2022 signified an evolutionary year for Samsung’s Galaxy smartphone line, as the brand unified the S and Note devices into one smartphone, dubbed the Galaxy S22 Ultra. With a huge AMOLED display, S-Pen support and top-of-the-line specs and build quality, it really lived up to its Ultra name.
A year on, Samsung has followed up on its former flagship with the Galaxy S23 Ultra; a phone that is equally massive and fully featured, that basically represents the no-compromise approach for Android phones. But with minimal upgrades over last year’s model accompanied by an increase in price, does the S23 Ultra still represent the ultimate Android phone?
There’s no escaping the slow creep-up of prices we’ve seen on many smartphones this release cycle, and the Galaxy S23 Ultra is no exception – unless you live in the States. The S23 Ultra starts at £1249 / $1199 / AU$1949; that places it well above the iPhone 14 Pro Max and even its predecessor in the UK and Australia; however, the price stays the same as last year in the US. It is slightly cheaper than the Sony Xperia 1 IV, our current favourite Android phone, although if you shop around you may be able to find the Xperia has dropped in price since its launch in June of last year.
For your money, you get the new and exclusive Qualcomm Snapdragon 8 Gen 2 for Galaxy processor (more on that later), 12GB of RAM and 256GB of storage. There are also 512GB and 1TB storage configurations, with the latter serving as a Samsung.com store exclusive.
The Galaxy S23 Ultra’s build is fantastic, but it's also almost identical to that of its predecessor. Its casework is solid and high quality, making it look as good as it feels in the hand, with smooth aluminium rails around the edge of the device, and a matte glass rear panel that makes the phone less likely to slip out of your hand or off the side of a table.
The added grip to the rear panel is necessary with this phone, as it takes some fairly intense hand-gymnastics to navigate if you’re using it one-handed. We find ourselves shuffling the phone around in a slightly awkward (and dangerous) fashion when going from the navigation controls at the bottom to the notification panel at the top. Thankfully, Samsung has built in some one-handed mode functionality and smart software tricks that make it more manageable at times, such as being able to swipe up anywhere on the home screen to get to the apps menu or down anywhere to expand the notification panel. Still, there’s no way of getting around the fact that this phone is massive.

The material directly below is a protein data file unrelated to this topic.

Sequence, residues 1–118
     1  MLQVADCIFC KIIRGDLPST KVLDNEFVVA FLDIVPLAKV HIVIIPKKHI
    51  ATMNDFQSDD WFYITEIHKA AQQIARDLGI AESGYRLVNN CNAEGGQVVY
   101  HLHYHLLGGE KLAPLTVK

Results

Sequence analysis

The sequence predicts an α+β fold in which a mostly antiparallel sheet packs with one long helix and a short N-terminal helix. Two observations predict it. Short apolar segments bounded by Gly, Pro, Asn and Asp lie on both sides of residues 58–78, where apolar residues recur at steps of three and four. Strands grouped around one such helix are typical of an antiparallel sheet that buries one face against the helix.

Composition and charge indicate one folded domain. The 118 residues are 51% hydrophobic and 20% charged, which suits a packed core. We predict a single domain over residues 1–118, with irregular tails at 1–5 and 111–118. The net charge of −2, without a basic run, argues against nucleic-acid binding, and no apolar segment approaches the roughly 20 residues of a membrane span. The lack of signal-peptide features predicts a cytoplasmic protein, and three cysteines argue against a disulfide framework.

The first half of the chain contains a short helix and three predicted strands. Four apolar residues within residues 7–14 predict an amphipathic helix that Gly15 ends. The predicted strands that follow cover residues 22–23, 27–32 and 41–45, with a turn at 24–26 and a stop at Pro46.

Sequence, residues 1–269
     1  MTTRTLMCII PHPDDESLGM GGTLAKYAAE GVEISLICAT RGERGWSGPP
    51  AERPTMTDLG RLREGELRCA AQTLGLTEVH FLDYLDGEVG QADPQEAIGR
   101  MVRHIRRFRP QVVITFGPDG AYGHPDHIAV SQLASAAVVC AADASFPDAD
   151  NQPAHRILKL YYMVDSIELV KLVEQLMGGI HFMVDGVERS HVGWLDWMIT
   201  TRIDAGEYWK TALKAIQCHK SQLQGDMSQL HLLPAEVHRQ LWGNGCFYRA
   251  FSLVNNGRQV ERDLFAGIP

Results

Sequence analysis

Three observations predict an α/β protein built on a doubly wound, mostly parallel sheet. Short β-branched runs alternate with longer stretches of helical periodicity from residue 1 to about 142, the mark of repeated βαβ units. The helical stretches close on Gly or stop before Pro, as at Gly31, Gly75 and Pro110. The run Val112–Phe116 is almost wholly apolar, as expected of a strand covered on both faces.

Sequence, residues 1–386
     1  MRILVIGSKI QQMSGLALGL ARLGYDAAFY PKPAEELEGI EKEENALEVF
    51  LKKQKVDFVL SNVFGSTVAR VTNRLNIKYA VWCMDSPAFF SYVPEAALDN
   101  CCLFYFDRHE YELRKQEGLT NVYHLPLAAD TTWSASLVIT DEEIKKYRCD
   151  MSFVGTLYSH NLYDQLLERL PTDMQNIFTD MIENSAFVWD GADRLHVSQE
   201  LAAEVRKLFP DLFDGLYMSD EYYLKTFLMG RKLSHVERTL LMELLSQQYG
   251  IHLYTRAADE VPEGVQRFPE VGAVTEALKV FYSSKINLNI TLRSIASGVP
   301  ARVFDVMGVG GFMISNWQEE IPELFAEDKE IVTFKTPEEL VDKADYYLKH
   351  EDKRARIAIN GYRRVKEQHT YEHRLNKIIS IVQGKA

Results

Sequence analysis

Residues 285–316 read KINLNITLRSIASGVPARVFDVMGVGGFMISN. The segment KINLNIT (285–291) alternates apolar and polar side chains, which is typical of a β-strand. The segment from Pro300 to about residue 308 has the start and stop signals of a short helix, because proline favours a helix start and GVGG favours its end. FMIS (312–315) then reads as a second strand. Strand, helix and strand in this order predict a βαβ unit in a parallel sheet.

To be precise, its screen is 6.8 inches diagonally and the handset weighs 234g in total – making it very similar to the iPhone 14 Pro Max in stature and heft. Against its nearest Android rival, the Xperia 1 IV, it's practically identical in height, but the Sony’s 21:9 aspect ratio makes it the skinnier of the two devices.
The Galaxy S23 Ultra is practically the definition of feature-packed – but then so was its predecessor. So what’s new here? The main feature that Samsung is advertising with the Ultra is its advanced camera system, with the main sensor coming in at 200MP, an increase from the S22 Ultra’s 108MP main camera. This is backed up with a 10MP periscope telephoto lens, a 10MP telephoto lens and finally a 12MP ultrawide camera. In practice, the camera on the S23 Ultra is brilliant, fusing top-notch performance with intuitive software, meaning even the most amateur of photographers can snap a quality image.
Elsewhere, little has changed for the Galaxy S23 Ultra. It features a very similar 120Hz 1440p screen as did year's model, for example. Not that that's an issue in general use, though, as it's still a joy to interact with. Whether it’s swiping and tapping through the One UI 5.1 operating system or scrolling through social media and news feeds, the S23 Ultra’s display is just as silky smooth and sharp as you’d want it to be. On the topic of One UI, Samsung is shipping its latest software on the S23 Ultra, adding a few new quality-of-life improvements and camera shooting modes, but otherwise, there doesn’t appear to be any drastic changes to the OS this year.
Underneath that display is a fingerprint sensor for biometric unlocking and authentication. It's lightning fast, unlocking the device with just a quick tap, making it much quicker and more accurate than the likes of the Google Pixel 7. There is also a 12MP hole-punch-style front-facing camera that can be used for facial recognition as an alternative.
Screen size 6.8-inch
Screen type Dynamic AMOLED
Screen resolution 1440 x 3088 pixels (500 ppi)
Finishes x4 (Cream, Lavender, Phantom Black, Green)
Operating system Android 13 (One UI 5.1)
Storage 256GB / 512GB / 1TB
Another feature that is becoming synonymous with the Galaxy Ultra line is the S-Pen, the stylus formerly affiliated with Samsung’s now-extinct Galaxy Note series. It pops in and out of the frame with a satisfying click and vibration, and is a useful (if slightly gimmicky) addition that allows you to scrawl notes on the screen and even control some of the phone’s functionality remotely.
Getting on to what we’re most interested in, the phone’s AV features, the S23 Ultra supports HDR in the HDR10+ format, meaning content from Amazon Prime Video, YouTube and Google Play should get a boost, but since the phone lacks support for Dolby Vision, Disney Plus and Netflix won’t get as much love as the aforementioned services. However, Dolby is featured on the audio side of things, with Dolby Atmos support for both the phone’s speakers and via both wired and wireless headphones.